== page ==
Two the Point — The Bond Market Believes a Recession is Coming

As we sit here today, there is no guarantee of a recession.  The labor market remains very strong, consumer balance sheets appear solid, and the Federal Reserve has been unanimously optimistic about the prospects for the U.S. economy (perhaps take that last one with a grain of salt).

However, predictions for a recession are becoming louder and more frequent from many market participants and we believe the odds are about 50/50 that the U.S. economy enters a recession sometime in 2023 (if not sooner).  To combat inflation, the Fed has charted a course to increase the benchmark Federal Funds Rate above their estimated neutral rate.  Increasing the Fed Funds Rate above “neutral” has a slowing effect on the economy with the goal of dampening inflation.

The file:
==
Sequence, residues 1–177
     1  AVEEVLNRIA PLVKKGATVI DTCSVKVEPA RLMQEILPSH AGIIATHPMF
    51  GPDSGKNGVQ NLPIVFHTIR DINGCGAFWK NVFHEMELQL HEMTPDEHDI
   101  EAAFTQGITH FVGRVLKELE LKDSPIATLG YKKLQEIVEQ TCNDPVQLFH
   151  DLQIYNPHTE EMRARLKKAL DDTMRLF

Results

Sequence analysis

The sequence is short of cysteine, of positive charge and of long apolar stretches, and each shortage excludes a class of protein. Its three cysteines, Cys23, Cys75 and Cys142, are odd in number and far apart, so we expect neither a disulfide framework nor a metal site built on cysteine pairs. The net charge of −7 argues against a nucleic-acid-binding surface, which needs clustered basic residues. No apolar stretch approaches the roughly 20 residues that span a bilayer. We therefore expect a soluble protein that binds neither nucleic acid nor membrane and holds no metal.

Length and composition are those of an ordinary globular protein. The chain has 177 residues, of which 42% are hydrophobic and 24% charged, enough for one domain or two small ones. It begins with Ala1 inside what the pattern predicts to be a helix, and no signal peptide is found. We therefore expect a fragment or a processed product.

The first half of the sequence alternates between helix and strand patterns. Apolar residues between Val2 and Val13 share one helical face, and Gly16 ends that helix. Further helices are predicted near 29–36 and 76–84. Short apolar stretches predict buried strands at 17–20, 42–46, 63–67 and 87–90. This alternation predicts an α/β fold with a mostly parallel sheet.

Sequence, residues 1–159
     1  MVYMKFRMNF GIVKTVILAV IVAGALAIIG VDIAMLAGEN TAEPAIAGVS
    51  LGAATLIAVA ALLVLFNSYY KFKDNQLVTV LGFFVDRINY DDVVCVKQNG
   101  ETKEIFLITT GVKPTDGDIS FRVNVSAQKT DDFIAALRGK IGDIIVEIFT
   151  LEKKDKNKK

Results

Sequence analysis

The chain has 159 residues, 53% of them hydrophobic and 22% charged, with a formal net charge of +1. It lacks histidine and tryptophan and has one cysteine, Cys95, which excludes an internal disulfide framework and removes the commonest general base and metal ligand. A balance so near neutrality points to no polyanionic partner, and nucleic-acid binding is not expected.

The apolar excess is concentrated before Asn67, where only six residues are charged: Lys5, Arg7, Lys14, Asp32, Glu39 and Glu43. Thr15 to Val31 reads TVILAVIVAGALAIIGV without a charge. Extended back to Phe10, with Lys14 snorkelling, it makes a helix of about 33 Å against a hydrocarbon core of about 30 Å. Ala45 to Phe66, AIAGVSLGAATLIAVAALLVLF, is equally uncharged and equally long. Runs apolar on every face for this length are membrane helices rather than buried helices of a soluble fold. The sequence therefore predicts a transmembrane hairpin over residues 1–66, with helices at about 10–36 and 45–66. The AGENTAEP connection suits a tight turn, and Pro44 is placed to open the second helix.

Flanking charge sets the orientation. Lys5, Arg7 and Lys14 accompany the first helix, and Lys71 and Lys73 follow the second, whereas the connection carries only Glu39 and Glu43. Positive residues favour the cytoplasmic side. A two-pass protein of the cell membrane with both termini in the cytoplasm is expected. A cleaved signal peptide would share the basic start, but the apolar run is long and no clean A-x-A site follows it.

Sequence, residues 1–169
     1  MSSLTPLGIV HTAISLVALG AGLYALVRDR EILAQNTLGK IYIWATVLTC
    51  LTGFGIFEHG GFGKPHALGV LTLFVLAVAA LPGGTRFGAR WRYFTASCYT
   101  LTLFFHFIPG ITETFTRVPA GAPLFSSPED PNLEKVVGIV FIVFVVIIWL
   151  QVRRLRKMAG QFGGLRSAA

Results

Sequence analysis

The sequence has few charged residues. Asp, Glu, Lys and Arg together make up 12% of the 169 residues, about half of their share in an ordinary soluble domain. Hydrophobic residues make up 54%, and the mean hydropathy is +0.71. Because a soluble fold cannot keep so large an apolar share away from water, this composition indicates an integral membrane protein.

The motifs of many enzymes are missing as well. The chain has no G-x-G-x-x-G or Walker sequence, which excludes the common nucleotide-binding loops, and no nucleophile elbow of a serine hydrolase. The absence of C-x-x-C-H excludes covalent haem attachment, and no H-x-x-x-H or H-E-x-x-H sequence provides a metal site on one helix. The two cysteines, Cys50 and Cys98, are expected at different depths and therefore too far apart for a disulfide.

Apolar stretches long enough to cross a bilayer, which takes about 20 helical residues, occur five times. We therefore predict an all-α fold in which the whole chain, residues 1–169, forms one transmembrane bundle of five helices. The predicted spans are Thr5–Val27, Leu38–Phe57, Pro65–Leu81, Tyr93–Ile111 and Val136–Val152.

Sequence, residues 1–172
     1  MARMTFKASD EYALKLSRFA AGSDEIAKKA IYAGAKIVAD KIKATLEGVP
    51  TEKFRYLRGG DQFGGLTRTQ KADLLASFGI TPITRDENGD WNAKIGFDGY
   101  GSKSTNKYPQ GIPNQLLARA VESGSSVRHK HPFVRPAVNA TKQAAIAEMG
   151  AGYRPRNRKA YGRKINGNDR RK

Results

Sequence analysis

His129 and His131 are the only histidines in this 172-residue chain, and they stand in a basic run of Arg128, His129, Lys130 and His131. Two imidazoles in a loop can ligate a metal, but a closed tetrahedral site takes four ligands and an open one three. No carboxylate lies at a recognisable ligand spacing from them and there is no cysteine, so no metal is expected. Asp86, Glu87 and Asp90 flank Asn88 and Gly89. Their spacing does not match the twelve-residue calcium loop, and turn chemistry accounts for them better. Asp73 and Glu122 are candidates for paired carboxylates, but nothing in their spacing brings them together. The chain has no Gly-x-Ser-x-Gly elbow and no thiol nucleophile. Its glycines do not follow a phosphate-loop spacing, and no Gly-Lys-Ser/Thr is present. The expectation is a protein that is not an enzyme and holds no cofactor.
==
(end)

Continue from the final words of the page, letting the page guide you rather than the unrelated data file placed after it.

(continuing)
Balancing the need to fight inflation with the desire to keep the economy growing is very hard.  In fact, there has only been one instance when the Fed raised rates above neutral and did not cause a recession (1994-95).  The chart below illustrates the market’s expectation of that reality.  The market believes the Federal Reserve will be forced to cutinterest rates towards the back half of 2023 in response to, presumably, a recession.  Rate cut expectations alone do not ensure a recession but combined with rapidly declining consumer confidence and a magnitude of rate cut expectations only matched by the period prior to the Great Financial Crisis, we believe all signals point to a substantive probability of the economy contracting.

Investors should take comfort in the fact that just because the chance of a recession is higher than normal, it doesn’t mean the contraction needs to be crisis-like.  Given the experiences in 2008 and 2020, we have become conditioned to believe that recession equals catastrophe.  Recessions can also be mild, and although we believe the market may struggle for some time, some of the economic risk we face is already reflected in stock prices.

Market Expectations for the Federal Funds Rate
(4 Rate Cuts Expected Between 2023-24)